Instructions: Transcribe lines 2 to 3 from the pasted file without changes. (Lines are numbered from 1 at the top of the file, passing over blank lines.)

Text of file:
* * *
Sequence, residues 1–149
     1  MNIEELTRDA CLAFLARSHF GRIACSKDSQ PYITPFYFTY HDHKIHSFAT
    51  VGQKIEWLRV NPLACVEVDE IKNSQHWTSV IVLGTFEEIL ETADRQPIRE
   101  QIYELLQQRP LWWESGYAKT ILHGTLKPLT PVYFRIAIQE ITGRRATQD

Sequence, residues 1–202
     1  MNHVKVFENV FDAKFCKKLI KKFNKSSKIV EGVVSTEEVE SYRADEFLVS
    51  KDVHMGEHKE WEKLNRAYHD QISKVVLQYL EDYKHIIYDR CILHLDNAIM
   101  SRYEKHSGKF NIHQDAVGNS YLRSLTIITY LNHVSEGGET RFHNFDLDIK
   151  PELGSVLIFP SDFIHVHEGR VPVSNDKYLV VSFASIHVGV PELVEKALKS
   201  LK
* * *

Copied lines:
     1  MNIEELTRDA CLAFLARSHF GRIACSKDSQ PYITPFYFTY HDHKIHSFAT
    51  VGQKIEWLRV NPLACVEVDE IKNSQHWTSV IVLGTFEEIL ETADRQPIRE